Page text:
In our study, high provider satisfaction was significantly associated with better adherence to IMCI standards of care, although overall high levels of provider satisfaction in this study may have resulted from inherent factors of a culture of low expectations, courtesy bias and obvious improvements in the capacity of the health system. Several motivational themes have been identified from systematic reviews for supporting performance, especially in underserved communities; financial incentives, professional development opportunities, infrastructure, resource availability, health system management, including regulatory mechanisms and recognition [28, 29]. In a recent study in India, authors demonstrated that satisfaction and motivation varied based on the practice setting, governance factors and other non-monetary variables [30]. In a qualitative study in Kenya and Benin, authors reported that professional conscience and ethos to ensure services and self-esteem were equally strong motivators as the financial drivers of performance [31]. Supportive supervision has been illustrated to be another key motivational factor for provider performance [32] and substantiated in this study from provider feedback. However, external facility supervision visits declined significantly, which may be attributed to worsening security. Systems for accreditation and licensure are also under consideration by various taskforces to better regulate both the private and public sector and develop an appropriate paradigm for health workforce management.

Task shifting and skill mix

Task shifting to lower cadres, especially in an environment with chronic deficits of physicians and nurses to clinical officers, has shown promise in some countries, although the specific mechanism needs to be configured to the health system context [33]. Experiments to benchmark successes achieved in the deployment of community providers to ensure equitable access for primary and preventive healthcare in countries such as Thailand, Malawi, Ethiopia, India and Pakistan [1] are ongoing in Afghanistan. The training of community providers in IMCI has been aggressively pursued by NGOs to enable both preventive and care treatment for children, which may be a cost-effective and feasible option for child health, especially for communities with poor geographical access. However, there is a growing concern for sustaining and regulating this volunteer workforce, especially in insecure environments. The establishment of community councils, shura-e-sehies, to improve accountability and governance of the public health system has accelerated since 2004, and the presence of these councils emerged as one of the predictors of quality of care. This requires further investigation, to explore the potential of community councils to ensure management oversight of health facilities.

Future considerations

Innovations for improved motivation and retention experimented in other countries, such as extension of the retirement age, additional compensation for extended duty hours, task shifting with mid-level cadres and policies for mandatory rural service following medical certification, may be considered to complement the traditional strategies for increased workforce and reducing income disparities between the public and private sector and performance incentives.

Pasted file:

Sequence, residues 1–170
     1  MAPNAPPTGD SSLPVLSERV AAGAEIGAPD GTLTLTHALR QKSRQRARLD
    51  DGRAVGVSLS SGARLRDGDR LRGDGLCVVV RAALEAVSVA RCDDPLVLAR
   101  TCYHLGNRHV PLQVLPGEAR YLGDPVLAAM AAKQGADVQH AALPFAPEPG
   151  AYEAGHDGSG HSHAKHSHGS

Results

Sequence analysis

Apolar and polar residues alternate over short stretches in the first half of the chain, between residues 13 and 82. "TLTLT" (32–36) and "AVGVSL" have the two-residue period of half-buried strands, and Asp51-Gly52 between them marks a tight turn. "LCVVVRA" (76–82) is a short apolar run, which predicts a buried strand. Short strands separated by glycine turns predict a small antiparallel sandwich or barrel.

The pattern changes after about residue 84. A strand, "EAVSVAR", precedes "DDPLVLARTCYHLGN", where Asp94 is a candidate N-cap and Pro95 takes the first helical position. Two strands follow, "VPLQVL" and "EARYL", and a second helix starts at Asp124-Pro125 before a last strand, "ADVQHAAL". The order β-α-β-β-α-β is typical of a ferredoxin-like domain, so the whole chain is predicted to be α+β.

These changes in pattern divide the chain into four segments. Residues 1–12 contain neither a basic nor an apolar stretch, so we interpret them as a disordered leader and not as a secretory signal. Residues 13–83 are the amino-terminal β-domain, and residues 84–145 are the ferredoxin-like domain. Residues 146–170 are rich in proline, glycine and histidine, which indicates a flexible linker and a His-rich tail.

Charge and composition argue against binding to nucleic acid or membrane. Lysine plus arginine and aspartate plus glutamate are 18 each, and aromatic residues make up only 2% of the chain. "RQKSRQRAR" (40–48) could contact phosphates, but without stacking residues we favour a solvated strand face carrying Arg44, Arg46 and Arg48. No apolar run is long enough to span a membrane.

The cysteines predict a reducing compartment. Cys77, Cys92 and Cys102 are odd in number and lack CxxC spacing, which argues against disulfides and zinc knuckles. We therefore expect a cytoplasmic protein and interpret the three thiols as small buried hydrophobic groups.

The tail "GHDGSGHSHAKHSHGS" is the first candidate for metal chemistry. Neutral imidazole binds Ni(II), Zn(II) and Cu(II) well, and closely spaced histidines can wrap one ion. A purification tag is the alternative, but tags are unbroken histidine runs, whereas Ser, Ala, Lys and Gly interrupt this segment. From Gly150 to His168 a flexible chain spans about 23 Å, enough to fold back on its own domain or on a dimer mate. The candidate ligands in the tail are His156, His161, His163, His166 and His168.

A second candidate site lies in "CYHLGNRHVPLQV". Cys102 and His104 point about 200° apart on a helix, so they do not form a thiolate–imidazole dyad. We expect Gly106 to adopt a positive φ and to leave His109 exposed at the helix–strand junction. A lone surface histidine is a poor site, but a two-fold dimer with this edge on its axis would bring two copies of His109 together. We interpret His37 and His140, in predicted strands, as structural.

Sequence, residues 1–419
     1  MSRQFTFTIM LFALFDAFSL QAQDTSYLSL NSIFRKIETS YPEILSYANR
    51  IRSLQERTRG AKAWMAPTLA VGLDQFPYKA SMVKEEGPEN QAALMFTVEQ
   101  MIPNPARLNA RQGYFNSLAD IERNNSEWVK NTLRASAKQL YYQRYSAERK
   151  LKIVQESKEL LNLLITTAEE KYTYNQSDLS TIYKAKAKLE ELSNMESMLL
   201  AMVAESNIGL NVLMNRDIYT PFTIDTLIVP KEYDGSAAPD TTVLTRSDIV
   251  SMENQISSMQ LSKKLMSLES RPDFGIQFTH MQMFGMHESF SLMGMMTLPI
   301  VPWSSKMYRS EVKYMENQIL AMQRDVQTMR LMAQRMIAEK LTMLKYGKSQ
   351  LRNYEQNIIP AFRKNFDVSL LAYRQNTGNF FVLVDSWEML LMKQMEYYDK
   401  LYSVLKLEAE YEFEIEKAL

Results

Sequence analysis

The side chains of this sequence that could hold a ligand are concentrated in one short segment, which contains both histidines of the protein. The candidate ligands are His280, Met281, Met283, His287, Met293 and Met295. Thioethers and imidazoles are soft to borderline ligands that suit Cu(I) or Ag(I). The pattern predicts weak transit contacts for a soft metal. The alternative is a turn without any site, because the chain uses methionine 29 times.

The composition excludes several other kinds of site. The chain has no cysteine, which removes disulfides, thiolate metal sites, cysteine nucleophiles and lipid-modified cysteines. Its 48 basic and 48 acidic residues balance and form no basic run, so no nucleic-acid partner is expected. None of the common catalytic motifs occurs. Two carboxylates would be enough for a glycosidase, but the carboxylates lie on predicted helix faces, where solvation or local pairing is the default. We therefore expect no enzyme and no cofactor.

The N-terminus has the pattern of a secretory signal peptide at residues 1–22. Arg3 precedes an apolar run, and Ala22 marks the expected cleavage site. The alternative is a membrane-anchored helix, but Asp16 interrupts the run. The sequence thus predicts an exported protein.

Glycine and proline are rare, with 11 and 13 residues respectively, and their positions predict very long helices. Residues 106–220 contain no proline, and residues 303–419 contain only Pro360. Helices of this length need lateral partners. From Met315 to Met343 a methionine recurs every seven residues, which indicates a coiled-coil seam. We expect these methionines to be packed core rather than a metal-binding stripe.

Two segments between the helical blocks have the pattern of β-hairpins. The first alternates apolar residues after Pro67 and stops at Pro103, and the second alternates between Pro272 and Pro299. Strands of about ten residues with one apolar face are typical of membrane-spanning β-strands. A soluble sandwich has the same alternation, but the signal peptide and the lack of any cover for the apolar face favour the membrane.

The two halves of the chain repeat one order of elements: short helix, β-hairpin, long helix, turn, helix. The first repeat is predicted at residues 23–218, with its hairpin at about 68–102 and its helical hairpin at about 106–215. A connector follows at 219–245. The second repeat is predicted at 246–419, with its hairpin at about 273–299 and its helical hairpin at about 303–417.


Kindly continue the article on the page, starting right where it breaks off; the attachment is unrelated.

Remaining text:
Despite the dearth of evidence of workforce financing, migratory patterns, provider attrition and absenteeism and performance of the private sector in Afghanistan, this study provides some evidence of the importance of workforce adequacy, supervision and other factors we studied on care quality for children. Although task forces have been appointed by the Ministry to advocate and explore viable solutions for strengthening workforce capacity, further empirical research on human workforce management is warranted to determine contributory factors that foster provider motivation and performance to ensure efficiency and care quality. The ongoing evaluation of the performance-based financing scheme will provide better insight into the contextual and individual factors that influence provider motivation and performance and inform policy in Afghanistan.

Conclusion

The health workforce in Afghanistan faces some daunting challenges in the backdrop of worsening security conditions and yet continues to provide care, illustrating remarkable resilience, dedication and commitment. Aside from experimenting with successful innovations from other low-resource settings to determine contextually appropriate mechanisms for workforce motivation and retention, concerted efforts to train, deploy and supervise health providers can result in consistent improvements in quality of care.

Supplementary material

Supplementary material is available at International Journal on Quality in Health Care online.

Funding

The evaluation was funded through a contract to the Johns Hopkins University by the Afghanistan Ministry of Public Health.

Acknowledgements

A special thanks to Dr Abdul Wali, Ministry of Public Heath for providing the estimates on health workforce and Paul Ickx, Management Sciences for Health for his insight into study implications. We are grateful to the Ministry of Public Health, Afghanistan and the survey teams from Johns Hopkins University and Indian Institute of Health Management Research for their contributions. We appreciate the thoughtful comments and recommendations from the anonymous reviewers and editorial team. This study was conducted as a Third Party Evaluation Contract with the Government of Afghanistan to Johns Hopkins University and reviewed by the Institutional Review Board at Johns Hopkins University and the Ministry of Public Health Ethical Review Board in Afghanistan.